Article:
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Counterfeiters Target the Euro

When it comes to their common currency, Europeans may be getting more than they bargained for. Their goal in introducing the euro was to create a global currency to rival the U.S. dollar. Now that the euro has become the world's second-most-traded currency, it is also becoming an increasingly popular target for counterfeiters.

The European Central Bank says that 413,000 phony euro notes were confiscated during the first half of this year, the highest six-month tally since the currency's 2002 launch and a 32% increase over the same period last year.

Fakes Traced to Criminal Gangs Watchdogs at the Hague-based Europol, an organization of European police agencies, say there's no cause for panic. "The figures have to be compared with the number of genuine bank notes in circulation, which is also increasing," says Michael Rauschenbach, who heads the group's forgery and payment-card fraud unit. Over the past two years, four new countries—Cyprus, Malta, Slovenia, and most recently Slovakia—have adopted the euro as their national currency, boosting the number of euro zone members to 16.

Still, phony bills are spreading more quickly than real ones. The number of authentic euro bills in circulation this year is up only 8.6%, to 12.5 billion.

Europol says counterfeiters operate in highly organized criminal groups. About 70% of seized bogus bills have been traced to three major gangs, all based in Italy and the Balkans. Police say the spike in seizures of phony bills this year stems from increased production by one of the three gangs in 2008.

The €20 bill, worth about $28 at current exchange rates, accounts for nearly half of seized fake bills. Counterfeiters prefer it to higher-denominated bills that are likely to be more closely inspected, and to €10 and €5 bills that yield lower profits. The second-most-copied denomination is the €50 note, accounting for 34% of seized bills.

Porous Borders The absence of border controls between most European Union nations makes tracking counterfeiters more difficult. Jean-Louis Perrier, the deputy chief of the anti-counterfeiting unit within France's Police Nationale, says many of the fake euros entering France are brought in by crooks from Poland, Lithuania, and Bulgaria. National police frequently cooperate with each other and with Europol on cross-border investigations.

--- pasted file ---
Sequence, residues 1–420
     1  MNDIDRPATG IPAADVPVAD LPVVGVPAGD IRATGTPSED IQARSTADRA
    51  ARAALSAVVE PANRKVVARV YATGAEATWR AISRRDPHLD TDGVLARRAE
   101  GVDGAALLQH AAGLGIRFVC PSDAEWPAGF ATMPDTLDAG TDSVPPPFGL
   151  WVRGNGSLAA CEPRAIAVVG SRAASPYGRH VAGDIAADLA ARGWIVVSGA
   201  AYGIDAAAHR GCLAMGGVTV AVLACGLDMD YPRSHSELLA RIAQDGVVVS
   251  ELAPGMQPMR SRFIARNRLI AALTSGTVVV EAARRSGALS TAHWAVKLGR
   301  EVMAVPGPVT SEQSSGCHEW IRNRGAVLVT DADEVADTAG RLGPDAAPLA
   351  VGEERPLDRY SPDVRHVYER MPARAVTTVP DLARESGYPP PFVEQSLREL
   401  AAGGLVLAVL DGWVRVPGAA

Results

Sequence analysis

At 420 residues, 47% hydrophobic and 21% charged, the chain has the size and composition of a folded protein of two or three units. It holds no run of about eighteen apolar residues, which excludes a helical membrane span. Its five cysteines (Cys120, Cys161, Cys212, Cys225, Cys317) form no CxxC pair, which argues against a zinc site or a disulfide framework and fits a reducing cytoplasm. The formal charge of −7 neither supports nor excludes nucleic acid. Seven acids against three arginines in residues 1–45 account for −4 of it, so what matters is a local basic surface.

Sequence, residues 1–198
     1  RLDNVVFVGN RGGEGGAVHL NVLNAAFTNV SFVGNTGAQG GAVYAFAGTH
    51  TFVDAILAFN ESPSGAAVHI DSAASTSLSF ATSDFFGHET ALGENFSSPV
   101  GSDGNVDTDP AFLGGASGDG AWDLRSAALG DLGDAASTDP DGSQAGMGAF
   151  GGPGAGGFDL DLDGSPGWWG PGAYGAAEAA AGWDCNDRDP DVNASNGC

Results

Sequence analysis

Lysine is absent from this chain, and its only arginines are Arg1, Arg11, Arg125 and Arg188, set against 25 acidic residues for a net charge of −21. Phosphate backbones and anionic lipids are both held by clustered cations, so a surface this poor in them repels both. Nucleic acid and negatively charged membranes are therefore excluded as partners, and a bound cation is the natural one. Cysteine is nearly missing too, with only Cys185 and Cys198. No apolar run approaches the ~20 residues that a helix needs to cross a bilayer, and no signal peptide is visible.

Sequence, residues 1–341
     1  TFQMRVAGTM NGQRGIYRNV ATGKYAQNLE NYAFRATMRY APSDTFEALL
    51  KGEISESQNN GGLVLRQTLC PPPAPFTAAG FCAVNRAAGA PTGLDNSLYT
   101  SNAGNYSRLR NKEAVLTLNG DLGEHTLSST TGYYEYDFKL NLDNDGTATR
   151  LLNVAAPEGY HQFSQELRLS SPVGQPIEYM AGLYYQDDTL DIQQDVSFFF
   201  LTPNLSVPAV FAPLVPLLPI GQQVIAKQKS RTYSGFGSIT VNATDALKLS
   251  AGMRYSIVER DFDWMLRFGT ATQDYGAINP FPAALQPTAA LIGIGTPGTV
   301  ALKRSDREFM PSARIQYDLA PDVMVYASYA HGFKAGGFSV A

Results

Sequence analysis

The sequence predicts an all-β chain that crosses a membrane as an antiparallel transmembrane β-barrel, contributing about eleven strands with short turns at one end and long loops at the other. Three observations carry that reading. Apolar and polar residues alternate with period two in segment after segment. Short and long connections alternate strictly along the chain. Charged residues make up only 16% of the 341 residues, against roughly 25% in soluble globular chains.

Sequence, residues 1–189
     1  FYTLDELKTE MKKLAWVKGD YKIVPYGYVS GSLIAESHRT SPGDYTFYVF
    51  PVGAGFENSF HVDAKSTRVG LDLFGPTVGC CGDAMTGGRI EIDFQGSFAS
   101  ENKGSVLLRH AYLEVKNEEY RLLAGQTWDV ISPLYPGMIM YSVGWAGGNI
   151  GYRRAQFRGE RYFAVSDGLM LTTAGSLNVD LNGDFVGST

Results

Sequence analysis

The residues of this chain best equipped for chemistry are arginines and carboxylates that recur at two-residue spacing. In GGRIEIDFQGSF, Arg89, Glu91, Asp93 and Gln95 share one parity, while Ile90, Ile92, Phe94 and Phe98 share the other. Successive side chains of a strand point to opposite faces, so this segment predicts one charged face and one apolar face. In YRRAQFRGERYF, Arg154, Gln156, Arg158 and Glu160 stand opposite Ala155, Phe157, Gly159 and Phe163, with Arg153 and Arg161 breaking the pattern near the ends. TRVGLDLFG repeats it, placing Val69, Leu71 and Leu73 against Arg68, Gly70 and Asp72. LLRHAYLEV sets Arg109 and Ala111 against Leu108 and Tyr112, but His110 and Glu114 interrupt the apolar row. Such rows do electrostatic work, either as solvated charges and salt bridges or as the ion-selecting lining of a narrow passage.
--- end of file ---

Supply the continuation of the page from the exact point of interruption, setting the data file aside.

One such investigation helped Europol bust a criminal gang in Bulgaria earlier this month, leading to the arrest of 17 people who had distributed counterfeit bills with a face value of more than €16 million.

For now, fake euros are found almost exclusively within the euro zone—unlike counterfeit dollars, which circulate worldwide, since the greenback is used for unofficial trade in many countries. The U.S. doesn't release figures on dollar counterfeiting, but European police say the rate of euro forgery is much lower.

Easy to Spot How authentic do those phony euros appear? An ECB counterfeiting expert, who provided a background briefing to BusinessWeek, says the quality of most fake bills is so poor that almost anyone can easily detect them, using a simple "feel, look, and tilt" test. Genuine euro bank notes have raised print that can be felt with the fingers, as well as watermarks and other security features that can be seen with the naked eye, and holograms that shift when the bill is tilted from side to side.

Counterfeiters haven't figured out how to replicate those features. But the continuing spread of fakes shows there are still plenty of people who accept bills without carefully scrutinizing them. The advice of Soren Kragh Pedersen, chief of public relations at Europol: "Spend the necessary time to check."
Leona Liu is a reporter in BusinessWeek's Paris bureau.

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